This is the first in a three-part introductory series on water quality. This article focuses on potential contaminants that can negatively impact the quality of your water. The second article will give you information on bottled water. The final article discusses water filtration and water treatment options available to consumers.
Having reliable access to high quality drinking water is important for everybody. Many factors might affect your home water quality. The first thing people think about when they think about the quality of their home water is possible contamination. Contamination concerns are different for homes that receive their water from a local municipality than they are for those who receive their water from a well. Well water quality is often more of a concern because there are many more variables at play. However, city water has possible problems as well. In addition to contaminants that may be present in your water, the hardness of your water, whether it is from a city treatment facility or a well, can be an issue.
Possible Contaminants of City Water
Approximately 85% of homes in the United States get their home water delivered by a public water department. It is the responsibility of the municipality to ensure that the water delivered to our homes meets the National Primary Drinking Water Regulations set forth by the Environmental Protection Agency (EPA). These regulations cover approximately 90 different substances and indicate what the maximum contaminant level is for each substance. Water is required to meet these specifications when it leaves the water treatment facility. However, just because our drinking water quality meets these water quality standards, it does not mean that it is completely safe.
Just because there is a water quality standard, that does not mean the standard is met or adhered to one hundred percent of the time. If a water treatment facility delivers water to the public with contaminant levels above those required by law, they must report that fact to the authorities, but there are rarely any consequences because enforcement of the Safe Drinking Water Act is lax. You can ask your local water department for a Consumer Confidence Report, which will list any pollutants that have been detected in your water over the past year. There have been reports of chemicals such as arsenic, uranium, bacteria, tetrachloroethylene, or radium in local drinking water sources.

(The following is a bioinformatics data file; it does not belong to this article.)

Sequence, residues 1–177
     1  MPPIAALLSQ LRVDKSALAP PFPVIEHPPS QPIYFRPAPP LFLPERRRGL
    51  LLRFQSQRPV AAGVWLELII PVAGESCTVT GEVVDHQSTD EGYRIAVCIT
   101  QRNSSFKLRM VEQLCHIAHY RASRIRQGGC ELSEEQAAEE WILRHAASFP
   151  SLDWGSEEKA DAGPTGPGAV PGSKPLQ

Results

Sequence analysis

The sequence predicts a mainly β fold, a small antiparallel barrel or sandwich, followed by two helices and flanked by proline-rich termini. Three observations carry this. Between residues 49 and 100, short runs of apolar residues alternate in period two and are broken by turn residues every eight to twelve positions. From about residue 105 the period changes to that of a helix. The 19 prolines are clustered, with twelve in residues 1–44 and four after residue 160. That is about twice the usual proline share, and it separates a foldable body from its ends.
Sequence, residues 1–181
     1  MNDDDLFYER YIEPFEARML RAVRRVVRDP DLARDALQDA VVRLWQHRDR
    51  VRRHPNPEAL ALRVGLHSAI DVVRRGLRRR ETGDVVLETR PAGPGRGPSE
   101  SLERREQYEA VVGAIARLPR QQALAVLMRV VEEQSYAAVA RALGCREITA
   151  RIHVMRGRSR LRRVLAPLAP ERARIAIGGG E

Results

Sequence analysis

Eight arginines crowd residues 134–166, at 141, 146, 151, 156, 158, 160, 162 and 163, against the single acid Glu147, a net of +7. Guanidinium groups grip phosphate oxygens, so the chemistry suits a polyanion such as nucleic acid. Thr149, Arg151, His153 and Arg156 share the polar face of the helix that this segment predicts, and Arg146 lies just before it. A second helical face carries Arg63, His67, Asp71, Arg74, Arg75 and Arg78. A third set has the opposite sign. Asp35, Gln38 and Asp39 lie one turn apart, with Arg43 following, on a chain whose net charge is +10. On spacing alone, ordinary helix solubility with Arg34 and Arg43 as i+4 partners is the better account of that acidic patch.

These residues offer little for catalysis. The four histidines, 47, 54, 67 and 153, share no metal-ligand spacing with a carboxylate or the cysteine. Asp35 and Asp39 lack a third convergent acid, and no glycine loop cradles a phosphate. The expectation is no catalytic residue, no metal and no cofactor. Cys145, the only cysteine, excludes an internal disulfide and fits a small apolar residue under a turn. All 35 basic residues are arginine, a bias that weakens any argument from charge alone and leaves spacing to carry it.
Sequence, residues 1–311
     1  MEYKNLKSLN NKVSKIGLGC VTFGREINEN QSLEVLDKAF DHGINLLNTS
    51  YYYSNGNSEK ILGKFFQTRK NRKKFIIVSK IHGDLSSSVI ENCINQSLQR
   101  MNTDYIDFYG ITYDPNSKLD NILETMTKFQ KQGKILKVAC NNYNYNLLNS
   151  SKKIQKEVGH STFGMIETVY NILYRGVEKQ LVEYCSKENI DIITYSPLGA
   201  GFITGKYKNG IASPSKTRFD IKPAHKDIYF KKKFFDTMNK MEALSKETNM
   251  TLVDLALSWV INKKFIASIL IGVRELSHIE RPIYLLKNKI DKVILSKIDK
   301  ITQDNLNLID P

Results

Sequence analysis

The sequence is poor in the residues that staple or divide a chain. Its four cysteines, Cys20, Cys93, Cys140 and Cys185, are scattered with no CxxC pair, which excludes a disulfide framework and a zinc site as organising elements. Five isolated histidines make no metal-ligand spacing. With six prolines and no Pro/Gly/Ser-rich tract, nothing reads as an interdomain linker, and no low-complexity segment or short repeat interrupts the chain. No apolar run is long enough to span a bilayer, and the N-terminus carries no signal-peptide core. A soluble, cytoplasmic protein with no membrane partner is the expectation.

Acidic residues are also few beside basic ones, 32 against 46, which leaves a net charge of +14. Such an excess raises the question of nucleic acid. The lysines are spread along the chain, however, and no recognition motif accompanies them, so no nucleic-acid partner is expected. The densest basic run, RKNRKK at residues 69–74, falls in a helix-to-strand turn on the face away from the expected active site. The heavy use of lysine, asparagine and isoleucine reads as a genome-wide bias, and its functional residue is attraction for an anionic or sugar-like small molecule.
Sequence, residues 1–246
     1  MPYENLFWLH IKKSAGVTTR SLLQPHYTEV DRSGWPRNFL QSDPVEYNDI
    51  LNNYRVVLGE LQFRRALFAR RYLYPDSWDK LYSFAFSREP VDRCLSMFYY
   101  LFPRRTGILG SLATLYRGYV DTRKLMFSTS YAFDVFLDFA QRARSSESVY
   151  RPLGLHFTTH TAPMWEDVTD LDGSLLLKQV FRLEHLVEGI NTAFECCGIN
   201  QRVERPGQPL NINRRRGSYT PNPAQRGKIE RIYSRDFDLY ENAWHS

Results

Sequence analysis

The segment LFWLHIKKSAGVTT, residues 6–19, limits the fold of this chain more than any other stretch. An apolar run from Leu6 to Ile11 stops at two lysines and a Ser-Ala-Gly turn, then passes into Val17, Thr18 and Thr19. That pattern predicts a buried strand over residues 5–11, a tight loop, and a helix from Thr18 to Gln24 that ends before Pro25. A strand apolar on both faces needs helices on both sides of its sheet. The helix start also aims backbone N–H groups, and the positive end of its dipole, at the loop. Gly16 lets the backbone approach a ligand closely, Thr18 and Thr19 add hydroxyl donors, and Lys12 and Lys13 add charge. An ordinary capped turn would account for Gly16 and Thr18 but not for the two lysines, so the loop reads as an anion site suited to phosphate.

In addition, some of the chemicals used to treat our water and make it safe to drink cause byproducts that themselves are unsafe. For example, water treatment facilities treat drinking water with chlorine to remove microbes and clean the water. A side effect is the formation of chlorination byproducts called trihalomethanes. These chlorination byproducts have been linked to an increased chance of cancer. There can be other unintentional contamination of public water supplies because the testing to make sure that the water is potable is done as it leaves the plant. Water sometimes sits in reservoirs before it is delivered to the customer and that adds an additional chance for contamination.
Possible Contaminants of Well Water
If you get your tap water from a private drinking water well, then the possible dangers associated with water quality are greater for you because you do not have government agencies regulating or testing the quality of your water constantly. It is your responsibility to make sure that your home water quality is acceptable for you and your family. There are some naturally occurring sources of contamination and others are caused by human activities. If you limit the activities around your private well, then you should be able to control the human aspects of water quality degradation, but you should still have your water quality tested at least once a year to make sure it is safe for consumption.